Skip to main content

Low-income parents have been found to prefer the lowest-cost child-care service, regardless of the location or available services at the care centre.

Nadezhda1906/Getty Images/iStockphoto

The Globe’s bimonthly report on research from business schools.

Securing a coveted space in the right daycare for a child is like winning the lottery for tens of thousands of Canadian working parents.

It’s not a stretch to say children’s future success rests, at least in part, on the professional care they receive in their early years. Existing research suggests children from across the socioeconomic spectrum have a greater chance of achieving academic and career success if they’ve received regulated child care. Early childhood education is especially important for the advancement of children from low-income families, according to past studies.

Story continues below advertisement

But there’s a problem. Child-care facilities tend to be filled with children from wealthier households. In Canada, two thirds of parents with an annual household income of at least $100,000 use child-care services, while households with an income below $40,000 use child-care services at half this rate, according to researchers Hsin-Chen Lin and Jane Dunnett of the faculty of business administration at the University of New Brunswick in Fredericton.

The marketing professors recently completed an academic study of the barriers to child care, in the hopes of shedding light on how parents from different income brackets choose their child-care providers, and identify how providers can better tailor their child-care service to meet the differing demands.

Dr. Lin and Dr. Dunnett centred their work on parents in New Brunswick, where the provincial government provides child-care assistance programs to low-income families whose annual income is lower than $55,000. In this program, assistance is paid directly to the child-care facilities and not the parents. The parents are responsible for finding the licensed child-care facilities that accept the assistance programs and for paying the difference between the actual cost and the subsidized amount approved by the government program.

The research identified significant barriers to assistance-program access, rendering it “less effective in helping parents receive subsidies than they could be,” says Dr. Lin in an e-mail.

Key to the study, the researchers found 62.5 per cent of eligible families were aware of the government subsidies, while just 20 per cent of those eligible actually received subsidies.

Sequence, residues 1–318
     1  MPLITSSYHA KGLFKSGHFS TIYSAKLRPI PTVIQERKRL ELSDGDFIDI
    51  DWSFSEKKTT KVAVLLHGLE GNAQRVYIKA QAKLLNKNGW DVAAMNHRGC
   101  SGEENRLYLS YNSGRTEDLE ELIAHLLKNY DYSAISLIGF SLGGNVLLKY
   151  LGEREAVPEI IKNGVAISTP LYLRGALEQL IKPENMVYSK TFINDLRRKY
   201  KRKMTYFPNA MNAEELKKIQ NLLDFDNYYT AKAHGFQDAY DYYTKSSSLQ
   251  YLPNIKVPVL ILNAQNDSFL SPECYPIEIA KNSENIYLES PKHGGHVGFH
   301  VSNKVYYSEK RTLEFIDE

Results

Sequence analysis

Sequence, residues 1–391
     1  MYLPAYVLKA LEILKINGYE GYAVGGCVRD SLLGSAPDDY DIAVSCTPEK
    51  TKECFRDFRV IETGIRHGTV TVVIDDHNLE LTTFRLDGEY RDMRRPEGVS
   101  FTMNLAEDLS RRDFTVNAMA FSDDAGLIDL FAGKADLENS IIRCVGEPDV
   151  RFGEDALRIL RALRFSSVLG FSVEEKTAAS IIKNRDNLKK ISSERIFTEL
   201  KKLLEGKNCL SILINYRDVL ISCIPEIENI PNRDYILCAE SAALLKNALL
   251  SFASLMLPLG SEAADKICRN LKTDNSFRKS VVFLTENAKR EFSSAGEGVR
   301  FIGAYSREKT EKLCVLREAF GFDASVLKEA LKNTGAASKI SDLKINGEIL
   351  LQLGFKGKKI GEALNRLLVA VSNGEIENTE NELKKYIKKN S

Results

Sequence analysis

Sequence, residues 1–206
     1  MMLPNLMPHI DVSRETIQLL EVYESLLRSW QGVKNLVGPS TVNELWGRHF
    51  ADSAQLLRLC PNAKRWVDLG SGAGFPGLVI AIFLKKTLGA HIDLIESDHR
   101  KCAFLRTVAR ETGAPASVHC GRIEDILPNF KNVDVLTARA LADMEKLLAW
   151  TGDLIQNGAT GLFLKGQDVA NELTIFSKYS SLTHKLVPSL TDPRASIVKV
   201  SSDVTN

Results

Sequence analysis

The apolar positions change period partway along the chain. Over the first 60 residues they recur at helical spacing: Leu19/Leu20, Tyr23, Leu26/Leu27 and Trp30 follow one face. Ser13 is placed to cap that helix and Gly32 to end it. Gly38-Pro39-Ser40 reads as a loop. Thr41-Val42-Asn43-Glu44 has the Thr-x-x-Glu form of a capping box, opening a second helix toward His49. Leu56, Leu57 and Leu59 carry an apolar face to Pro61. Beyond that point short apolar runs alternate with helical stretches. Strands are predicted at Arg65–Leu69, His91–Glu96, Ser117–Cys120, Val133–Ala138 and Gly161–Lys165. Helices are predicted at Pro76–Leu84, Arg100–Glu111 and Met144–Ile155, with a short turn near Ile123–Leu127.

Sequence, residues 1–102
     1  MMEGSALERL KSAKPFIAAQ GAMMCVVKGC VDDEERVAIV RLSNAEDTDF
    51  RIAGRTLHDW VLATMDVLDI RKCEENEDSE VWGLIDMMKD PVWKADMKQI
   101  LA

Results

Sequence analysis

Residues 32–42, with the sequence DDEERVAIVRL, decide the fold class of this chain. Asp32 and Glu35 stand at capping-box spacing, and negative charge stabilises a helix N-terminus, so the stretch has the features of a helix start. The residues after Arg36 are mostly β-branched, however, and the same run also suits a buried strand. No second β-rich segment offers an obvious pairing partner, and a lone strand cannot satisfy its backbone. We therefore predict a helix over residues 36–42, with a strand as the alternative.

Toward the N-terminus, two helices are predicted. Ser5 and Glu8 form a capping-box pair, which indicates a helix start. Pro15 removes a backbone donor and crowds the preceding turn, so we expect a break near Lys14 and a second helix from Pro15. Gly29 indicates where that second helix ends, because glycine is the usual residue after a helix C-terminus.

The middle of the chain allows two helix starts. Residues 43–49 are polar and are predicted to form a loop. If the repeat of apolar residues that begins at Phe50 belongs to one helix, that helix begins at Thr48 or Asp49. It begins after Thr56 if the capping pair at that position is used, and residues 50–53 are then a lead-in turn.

Another is the mismatch between the preferences of low-income parents and available options. For instance, low-income parents have been found to prefer the lowest-cost child-care service, regardless of the location or available services at the care centre. High-income parents also gravitate toward the lowest price point, but will pay more if the facility is conveniently located near their home or office.

The unintended result can exclude low-income earners. For instance, by sacrificing a low price point for greater convenience, child-care providers inadvertently meet the preferences of high-income parents. Meanwhile, low-income parents might avoid child-care services altogether because of a lack of desirable or affordable options.

Story continues below advertisement

As the New Brunswick government has recently announced a large investment in daycare facilities, the authors say their findings would be helpful in identifying and better supporting the needs of low-income families. On the academic side, the professors also hope the study leads to a further investigation of the impact of government investment in child-care services and the benefit they have on children over time.

The research was published in Services Marketing Quarterly.

Story ideas related to business school research in Canada can be sent to darahkristine@gmail.com

Report an error Editorial code of conduct
Comments

Welcome to The Globe and Mail’s comment community. This is a space where subscribers can engage with each other and Globe staff. Non-subscribers can read and sort comments but will not be able to engage with them in any way. Click here to subscribe.

If you would like to write a letter to the editor, please forward it to letters@globeandmail.com. Readers can also interact with The Globe on Facebook and Twitter .

Welcome to The Globe and Mail’s comment community. This is a space where subscribers can engage with each other and Globe staff. Non-subscribers can read and sort comments but will not be able to engage with them in any way. Click here to subscribe.

If you would like to write a letter to the editor, please forward it to letters@globeandmail.com. Readers can also interact with The Globe on Facebook and Twitter .

Welcome to The Globe and Mail’s comment community. This is a space where subscribers can engage with each other and Globe staff.

We aim to create a safe and valuable space for discussion and debate. That means:

  • All comments will be reviewed by one or more moderators before being posted to the site. This should only take a few moments.
  • Treat others as you wish to be treated
  • Criticize ideas, not people
  • Stay on topic
  • Avoid the use of toxic and offensive language
  • Flag bad behaviour

Comments that violate our community guidelines will be removed. Commenters who repeatedly violate community guidelines may be suspended, causing them to temporarily lose their ability to engage with comments.

Read our community guidelines here

Discussion loading ...

Due to technical reasons, we have temporarily removed commenting from our articles. We hope to have this fixed soon. Thank you for your patience. If you are looking to give feedback on our new site, please send it along to feedback@globeandmail.com. If you want to write a letter to the editor, please forward to letters@globeandmail.com.
Cannabis pro newsletter